Tibet is all about water

When most people think of Tibet, what comes to mind are Buddhist monasteries, the Dalai Lama and Chinese control. For me, the most telling point about Chinese colonization of Tibet is that mainland Chinese living in Tibet can not live there at certain stages of their lives -- pregnancy and old age -- when their bodies are unable to adjust to the lower oxygen. So, why does China insist on controlling and colonizing a high-altitude plateau?

Water. As Brahma Challaney notes:
The Tibetan plateau’s vast glaciers, huge underground springs and high altitude make Tibet the world’s largest freshwater repository after the polar icecaps. Indeed, all of Asia’s major rivers, except the Ganges, originate in the Tibetan plateau. Even the Ganges’ two main tributaries flow in from Tibet.
With industrialization and population growth, China and India are very water-stressed, to be point that per-capita, Chinese will soon have only as much as water as Saudi Arabia. And so, China has been damming Tibetan waters and plans are to reroute them northward, into China:
China has been damming most international rivers flowing out of Tibet, whose fragile ecosystem is already threatened by global warming. The only rivers on which no hydro-engineering works have been undertaken so far are the Indus, whose basin falls mostly in India and Pakistan, and the Salween, which flows into Burma and Thailand ... The issue now is not whether China will reroute the Brahmaputra, but when. Once authorities complete their feasibility studies and the diversion scheme begins, the project will be presented as a fait accompli . China already has identified the bend where the Brahmaputra forms the world’s longest and deepest canyon – just before entering India – as the diversion point.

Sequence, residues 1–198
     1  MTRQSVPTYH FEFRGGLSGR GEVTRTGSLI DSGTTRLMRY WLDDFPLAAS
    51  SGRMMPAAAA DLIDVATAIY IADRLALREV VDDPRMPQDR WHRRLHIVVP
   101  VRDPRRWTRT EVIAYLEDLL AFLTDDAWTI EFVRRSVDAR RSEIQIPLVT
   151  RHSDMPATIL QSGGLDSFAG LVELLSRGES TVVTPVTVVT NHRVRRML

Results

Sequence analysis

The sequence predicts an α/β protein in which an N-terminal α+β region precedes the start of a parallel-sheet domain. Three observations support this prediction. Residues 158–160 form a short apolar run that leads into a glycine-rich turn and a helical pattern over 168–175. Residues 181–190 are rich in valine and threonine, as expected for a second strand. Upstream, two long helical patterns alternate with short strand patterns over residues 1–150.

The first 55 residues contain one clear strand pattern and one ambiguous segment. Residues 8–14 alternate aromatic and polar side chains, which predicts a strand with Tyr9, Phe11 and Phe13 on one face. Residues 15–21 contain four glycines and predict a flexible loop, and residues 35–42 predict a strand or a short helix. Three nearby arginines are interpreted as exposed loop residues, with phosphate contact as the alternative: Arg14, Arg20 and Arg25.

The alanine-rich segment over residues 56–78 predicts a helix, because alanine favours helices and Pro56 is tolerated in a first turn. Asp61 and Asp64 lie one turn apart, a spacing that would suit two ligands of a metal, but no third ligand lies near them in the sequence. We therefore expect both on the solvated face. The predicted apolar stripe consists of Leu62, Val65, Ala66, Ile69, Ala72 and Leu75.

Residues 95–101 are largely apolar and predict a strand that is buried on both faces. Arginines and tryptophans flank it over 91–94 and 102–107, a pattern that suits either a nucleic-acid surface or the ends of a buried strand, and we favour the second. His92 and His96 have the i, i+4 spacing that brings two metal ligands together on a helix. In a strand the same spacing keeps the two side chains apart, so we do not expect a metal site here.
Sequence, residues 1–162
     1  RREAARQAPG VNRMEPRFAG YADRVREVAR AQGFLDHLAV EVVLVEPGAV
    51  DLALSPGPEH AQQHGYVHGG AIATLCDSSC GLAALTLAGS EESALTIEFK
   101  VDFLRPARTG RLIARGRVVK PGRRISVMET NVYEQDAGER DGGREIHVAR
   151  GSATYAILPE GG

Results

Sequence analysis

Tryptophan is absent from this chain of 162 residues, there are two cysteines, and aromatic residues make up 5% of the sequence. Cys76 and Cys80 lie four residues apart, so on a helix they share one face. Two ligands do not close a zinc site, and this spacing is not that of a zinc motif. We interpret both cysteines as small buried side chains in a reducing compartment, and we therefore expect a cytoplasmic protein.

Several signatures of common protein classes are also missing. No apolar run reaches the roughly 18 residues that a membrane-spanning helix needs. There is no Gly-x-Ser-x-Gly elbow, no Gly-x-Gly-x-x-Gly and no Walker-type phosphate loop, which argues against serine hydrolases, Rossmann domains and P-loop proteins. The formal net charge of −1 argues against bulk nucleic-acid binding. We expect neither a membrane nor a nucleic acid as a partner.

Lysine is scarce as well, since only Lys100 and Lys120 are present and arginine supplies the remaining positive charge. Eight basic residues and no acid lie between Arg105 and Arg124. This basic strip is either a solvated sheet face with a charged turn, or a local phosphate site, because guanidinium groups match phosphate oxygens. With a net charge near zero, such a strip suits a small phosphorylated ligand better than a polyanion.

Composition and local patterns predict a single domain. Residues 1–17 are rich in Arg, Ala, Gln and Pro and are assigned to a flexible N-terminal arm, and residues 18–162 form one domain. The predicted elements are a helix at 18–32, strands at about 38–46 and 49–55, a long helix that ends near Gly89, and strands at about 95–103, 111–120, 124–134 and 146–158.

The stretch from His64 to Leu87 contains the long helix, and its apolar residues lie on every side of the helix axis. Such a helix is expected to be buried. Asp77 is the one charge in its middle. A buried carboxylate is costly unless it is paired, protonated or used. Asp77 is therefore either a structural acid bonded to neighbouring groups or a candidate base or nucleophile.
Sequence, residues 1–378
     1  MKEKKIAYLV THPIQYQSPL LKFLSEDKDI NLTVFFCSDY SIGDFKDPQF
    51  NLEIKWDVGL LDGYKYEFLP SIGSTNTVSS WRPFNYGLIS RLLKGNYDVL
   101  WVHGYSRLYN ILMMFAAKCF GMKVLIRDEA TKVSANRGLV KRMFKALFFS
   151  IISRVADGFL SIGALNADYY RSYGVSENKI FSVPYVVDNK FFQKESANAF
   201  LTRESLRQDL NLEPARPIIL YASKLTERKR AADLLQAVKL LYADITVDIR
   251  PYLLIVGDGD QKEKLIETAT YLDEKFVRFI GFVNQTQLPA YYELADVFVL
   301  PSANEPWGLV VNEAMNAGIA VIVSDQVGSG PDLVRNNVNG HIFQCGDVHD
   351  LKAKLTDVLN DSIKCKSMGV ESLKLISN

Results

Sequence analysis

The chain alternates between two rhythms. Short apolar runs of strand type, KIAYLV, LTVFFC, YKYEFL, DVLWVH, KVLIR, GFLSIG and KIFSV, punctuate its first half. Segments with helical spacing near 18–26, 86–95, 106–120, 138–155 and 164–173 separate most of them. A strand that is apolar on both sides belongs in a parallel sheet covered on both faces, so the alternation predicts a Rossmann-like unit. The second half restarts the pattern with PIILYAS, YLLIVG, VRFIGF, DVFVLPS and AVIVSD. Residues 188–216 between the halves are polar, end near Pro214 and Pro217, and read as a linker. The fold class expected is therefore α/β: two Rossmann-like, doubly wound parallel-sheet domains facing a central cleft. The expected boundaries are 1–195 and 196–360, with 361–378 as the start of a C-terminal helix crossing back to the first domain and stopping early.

At which point, northern India will become a desert. Nuclear-armed India.

Because India is water-stressed, many of the inter-state water disputes that play out in the American West also play out in India. When I was in college in India, we'd taken a trip to Karnataka, a neighboring state , when some bureaucrat changed some interpretation of some long-standing water agreement between the Tamil Nadu (the state I was living in) and Karnataka (the one I was visiting). Karnataka erupted in riots and it was dangerous to be a Tamil in Karnataka at that time. We moved a few of our Kannada-speaking classmates to the front of the bus to talk to any one who stopped us and quickly made our way back home. And that was just between states in one, pretty unified, country. Water is very, very personal.

What is frightening is that even if the cause of desertification of northern India is global warming, and not China, Chinese actions will serve as a nice repository of blame. It's hard to wage war on global warming, but war on China will be quite easy to imagine. And politicians, you can be sure, will take the bait.

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